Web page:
2. My strengths can change over time
2. My strengths can change over time
Year level: 1
Students explore things they are good at, identify these as their strengths, and explore how these can change over time.
Personal strengths and how these can change over time (ACPPS015)
Everyone has things they are good at (strengths).
People have different strengths.
Some strengths change over time.
- Teacher resource sheet - Animals strengths. - 1 copy displayed electronically or in hard copy
A4 card - 1 per student
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Health and physical education(P)
Mental health and wellbeing
Blooms revised taxonomy
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Inquiry learning phase
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Before you get started
It is important to acknowledge diversity of bodies and abilities in this lesson. The focus is on celebrating different strengths.
"We are going to ask all of these animals to do some activities to see which one is the best animal.
❓ First, they all have to climb a tree, which of the animals is going to win?
❓ Next, they have to swim across a river, which animal is going to win?
❓ Now, they have to sing a song, who will sing the prettiest song?
❓ Finally, they have to tie some shoelaces, which animals will be able to tie shoelaces?
"The fish cannot climb a tree - does this mean it is not the best animal?
The bird cannot swim across the river - does this mean it is not the best animal?
The crocodile cannot sing a song - does this mean it is not the best animal?
None of the animals can tie shoelaces - does this mean that none of the animals are the best?
No! Of course not. Each of the animals are good at different things. They all have different strengths. It is not fair to compare them in this way.
Similarly, WE all have different strengths.
Some of us are good at climbing trees, some aren't. Put your hand up if you are good at climbing trees.
Some of us are good at swimming, some aren't. Put your hand up if you are good at swimming.
Some of us are good at singing, some aren't. Put your hand up if you are good at singing.
Some of us are good at tying our shoelaces, some aren't. Put your hand up if you are good at tying your shoelaces."
Teaching tip: You may wish to get the adults in the room to model NOT putting their hand up to be good at everything and making the point that it is ok not to be good at all of these things. You may also point out that some people don't like doing these things and that can be why we aren't so good at them, and that is ok.
Strengths can change over time
"The strengths of these animals don't really change over time. Can a fish ever learn to climb a tree? Can a crocodile ever learn to sing?"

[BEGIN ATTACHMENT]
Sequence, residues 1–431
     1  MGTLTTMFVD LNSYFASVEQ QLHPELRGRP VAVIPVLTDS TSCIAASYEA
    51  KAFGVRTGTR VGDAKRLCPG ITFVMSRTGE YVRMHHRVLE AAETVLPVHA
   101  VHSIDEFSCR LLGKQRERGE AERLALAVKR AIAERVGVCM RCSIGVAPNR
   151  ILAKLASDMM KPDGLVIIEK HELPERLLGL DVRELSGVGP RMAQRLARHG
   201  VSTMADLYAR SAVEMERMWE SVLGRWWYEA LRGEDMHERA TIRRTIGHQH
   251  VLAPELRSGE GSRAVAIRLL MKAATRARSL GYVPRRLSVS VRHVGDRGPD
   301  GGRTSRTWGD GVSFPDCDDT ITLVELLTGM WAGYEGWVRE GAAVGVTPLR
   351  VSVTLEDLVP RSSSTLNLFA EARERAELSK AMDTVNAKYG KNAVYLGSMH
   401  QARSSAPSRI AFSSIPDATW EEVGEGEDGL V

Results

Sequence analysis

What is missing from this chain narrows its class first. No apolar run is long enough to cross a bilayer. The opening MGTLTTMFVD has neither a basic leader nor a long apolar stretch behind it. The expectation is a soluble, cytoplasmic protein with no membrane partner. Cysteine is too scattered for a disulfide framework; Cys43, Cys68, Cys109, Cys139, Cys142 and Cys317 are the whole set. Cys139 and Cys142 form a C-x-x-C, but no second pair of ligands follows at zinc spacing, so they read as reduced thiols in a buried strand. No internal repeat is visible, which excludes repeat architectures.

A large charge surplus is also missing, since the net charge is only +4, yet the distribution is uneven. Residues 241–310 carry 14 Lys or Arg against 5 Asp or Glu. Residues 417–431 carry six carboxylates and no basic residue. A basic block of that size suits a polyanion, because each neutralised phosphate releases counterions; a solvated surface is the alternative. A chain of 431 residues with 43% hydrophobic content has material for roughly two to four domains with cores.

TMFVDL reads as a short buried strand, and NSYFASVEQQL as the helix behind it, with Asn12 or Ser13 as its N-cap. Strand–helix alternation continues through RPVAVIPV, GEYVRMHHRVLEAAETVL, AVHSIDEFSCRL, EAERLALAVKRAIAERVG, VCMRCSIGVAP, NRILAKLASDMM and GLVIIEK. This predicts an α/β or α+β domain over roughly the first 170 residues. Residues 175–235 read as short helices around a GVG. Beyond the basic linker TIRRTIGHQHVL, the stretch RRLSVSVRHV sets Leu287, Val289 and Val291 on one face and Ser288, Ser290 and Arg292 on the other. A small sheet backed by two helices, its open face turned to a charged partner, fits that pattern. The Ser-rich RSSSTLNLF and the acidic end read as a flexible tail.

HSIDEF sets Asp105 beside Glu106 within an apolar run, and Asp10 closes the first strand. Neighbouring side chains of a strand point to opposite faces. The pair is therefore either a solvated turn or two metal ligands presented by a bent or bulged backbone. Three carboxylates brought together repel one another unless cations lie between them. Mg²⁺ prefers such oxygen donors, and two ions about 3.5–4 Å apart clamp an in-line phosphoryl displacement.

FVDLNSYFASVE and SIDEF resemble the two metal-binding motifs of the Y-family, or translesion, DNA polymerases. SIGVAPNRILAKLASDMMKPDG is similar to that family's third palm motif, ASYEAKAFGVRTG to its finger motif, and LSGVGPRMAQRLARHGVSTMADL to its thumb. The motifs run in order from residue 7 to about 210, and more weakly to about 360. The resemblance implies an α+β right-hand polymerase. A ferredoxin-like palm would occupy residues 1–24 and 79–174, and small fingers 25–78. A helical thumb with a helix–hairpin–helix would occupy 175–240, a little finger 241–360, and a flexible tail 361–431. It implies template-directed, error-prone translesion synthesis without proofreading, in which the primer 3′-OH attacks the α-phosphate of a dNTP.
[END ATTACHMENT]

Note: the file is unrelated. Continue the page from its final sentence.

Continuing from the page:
Revisit the timelines that were created in lesson 1. Milestones - birth to now.
"Some of our strengths change over time"
❓ How have your strengths changed from when you were a baby? What things can you do better now?
(walk, run, talk, write your name, read some words, etc)
Teaching tip: It is important to acknowledge diversity and disability (e.g. not all people are able bodied and some people are not able to walk or walk unassisted).
❓ What are some things that an adult or older sibling can do better than you?
(run, climb, drive a car, cook, play basketball, play piano, type on a keyboard, draw, etc)
❓ Why are adults able to do these things more easily?
(bodies are grown, stronger, had more practice, etc)
❓ What are some things that you can do better than an elderly person?
(handstand, climbing trees, picking up things you have dropped, playing sport, etc)
❓ Why might some elderly people find it harder to do these things than you?
(bodies are ageing and can't move as easily, can't see as well, might be unwell, etc)
❓ What are some things that you would like to get better at as you grow older?
(drawing, maths, writing, sport, making friends, etc)
My strengths over time
Independent or Small Group
One a piece of A4 piece of card - on one side students draw a picture of a strength they have NOW, on the back they draw a strength they will have when they are a teenager/adult.
Hang the pictures around the room and have students share the strengths that they will have when they are older.
Reflection: strength complements
Have students sitting in a circle (on floor or chairs).
Model how to pay a 'strength complement'. Stand in the centre of the circle and, for example, say,
"Jayden's strength is bravery. He was very nervous to speak at assembly, but he was very brave and did an amazing job."
This student then comes to the centre of the circle to pay another student a 'strength complement'. Alternatively, you can ask for volunteers to pay the next 'strength complement'.
Teaching tip: To try to ensure all students get a complement, you may wish to make the rule that a new person has to be chosen each time.
Optional: Strengths cards
Place the strengths cards on the floor around the room.
Invite students to stand next to a strength they think they have. Ask for volunteers to share their strength and why they think they have this strength.
Invite students to stand next to a strength that someone else in the room has. invite volunteers to share their answers.
Ask some students to show their work to the class and explain their responses.
Discuss, as a whole class, the students' responses of what they would like their strengths to be in the future.
Highlight words such as happy, enjoyment, fun, good at, strength, persistence, practise, set-backs, getting help.
Send T-charts home with students to share with their family.